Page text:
Newmarket’s Rowley Mile looked resplendent in the autumn sunshine last week as the three-day Cambridgeshire Meeting took place under near-perfect conditions, with clerk of the course Michael Prosser and his team producing a beautiful surface for the time of year and the unseasonal high temperatures lending themselves to ideal viewing conditions for those in attendance.

Thirty-three runners went to post for the feature nine-furlong handicap that lends the meeting its name and while it is a truism to suggest the race is a fiercely-competitive cavalry charge, this year’s renewal looked one of the best-ever fields assembled for the £160,000 added prize.

Despite this, the John Gosden-trained Wissahickon (Tapit) ran out a ready three and three-quarter length winner under Frankie Dettori, defying a mark of 107 – a lofty rating for a three-year-old – in fine style and looking a stakes performer in the making. That said, the winning jockey was uncharacteristically muted about the performance of the colt in the post-race de-brief, implying he had somewhat picked up the pieces in a frantically-run race, while he almost caused an almighty stir in the parade ring prior to being mounted, putting his groom on the floor and suggesting his mental faculties might prove a hindrance to his development moving forward.

Perhaps the most eye-catching performance in the contest, particularly from the perspective of the southern hemisphere, came from fellow three-year-old Danceteria (Redoute’s Choice), who finished ninth off a mark of 103, shaping like he is capable of better form further down the line.

Trained by David Menusier and carrying the colours of Clive Washbourn, Danceteria shares many parallels with stable companion Thundering Blue (Exchange Rate), who finished seventh in the Cambridgeshire last season prior to improving significantly as a five-year-old this season, justifying a hefty supplementary fee when finishing third in the International Stakes (Gr 1, 1m2f) at York in August prior to landing the Stockholm Cup (Gr 3, 2400m) at Bro Park last month.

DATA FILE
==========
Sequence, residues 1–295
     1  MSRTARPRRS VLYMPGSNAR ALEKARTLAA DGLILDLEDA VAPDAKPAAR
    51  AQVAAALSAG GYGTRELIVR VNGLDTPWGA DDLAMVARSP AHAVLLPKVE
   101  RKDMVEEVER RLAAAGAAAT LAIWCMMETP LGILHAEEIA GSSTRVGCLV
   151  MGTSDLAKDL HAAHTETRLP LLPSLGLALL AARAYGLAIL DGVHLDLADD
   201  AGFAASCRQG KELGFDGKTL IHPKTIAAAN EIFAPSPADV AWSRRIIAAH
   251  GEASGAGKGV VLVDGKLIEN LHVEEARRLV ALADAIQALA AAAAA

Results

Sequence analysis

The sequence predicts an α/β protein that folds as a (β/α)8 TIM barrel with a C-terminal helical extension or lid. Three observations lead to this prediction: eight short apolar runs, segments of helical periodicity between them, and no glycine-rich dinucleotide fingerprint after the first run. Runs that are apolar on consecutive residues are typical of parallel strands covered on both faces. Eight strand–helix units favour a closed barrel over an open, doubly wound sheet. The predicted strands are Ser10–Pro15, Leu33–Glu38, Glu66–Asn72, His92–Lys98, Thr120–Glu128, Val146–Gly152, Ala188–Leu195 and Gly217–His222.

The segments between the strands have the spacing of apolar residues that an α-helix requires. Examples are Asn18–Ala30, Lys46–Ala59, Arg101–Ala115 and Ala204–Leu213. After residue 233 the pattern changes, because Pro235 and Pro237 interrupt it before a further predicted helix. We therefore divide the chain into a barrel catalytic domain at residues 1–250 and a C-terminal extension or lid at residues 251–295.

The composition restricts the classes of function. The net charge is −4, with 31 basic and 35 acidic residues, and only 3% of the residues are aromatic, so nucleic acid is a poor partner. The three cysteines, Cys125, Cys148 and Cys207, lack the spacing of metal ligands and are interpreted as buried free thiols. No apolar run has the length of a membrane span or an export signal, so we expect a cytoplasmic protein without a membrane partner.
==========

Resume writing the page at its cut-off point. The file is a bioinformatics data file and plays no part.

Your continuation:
Danceteria arrived at Newmarket having won four consecutive contests in the summer prior to finishing fifth in a warm Curragh Handicap (1m2f) on Irish Champions Weekend, being given plenty to do turning for home but finishing strongly in the hands of Fran Berry. He was once again ridden patiently on Saturday, while he was briefly checked heading into the Dip, but he was far from disgraced racing away from the main action as the field met the rising ground, shaping like he will be well suited by stepping back up in trip.

Having officially improved 24lbs across six starts since June, Danceteria promises to continue on an upward curve as a four-year-old and it would be no surprise if he were being spoken of as a Group-race performer in twelve-months’ time, while he will almost certainly become the highest-rated European-bred son of former Haras de Bonneval shuttler Redoute’s Choice (Danehill) in the process.

Finally, Danceteria’s earlier form includes a five-length success over the Ralph Beckett-trained Breath Caught (Bated Breath) on the July Course in midsummer and the latter returned from a 68-day break to post an improved performance on the step up to 1m3f at Kempton on Wednesday, making all under Harry Bentley to get the better of two unexposed rivals by a length and a quarter.

A three-year-old half-brother to the high-class Twice Over (Observatory), Breath Caught is catalogued as Lot 1098 in the upcoming Autumn Horses-In-Training Sale at Tattersalls and he is sure to be a popular as a potential southern hemisphere acquisition if he asked to go through the ring as part of the draft from Juddmonte Farms.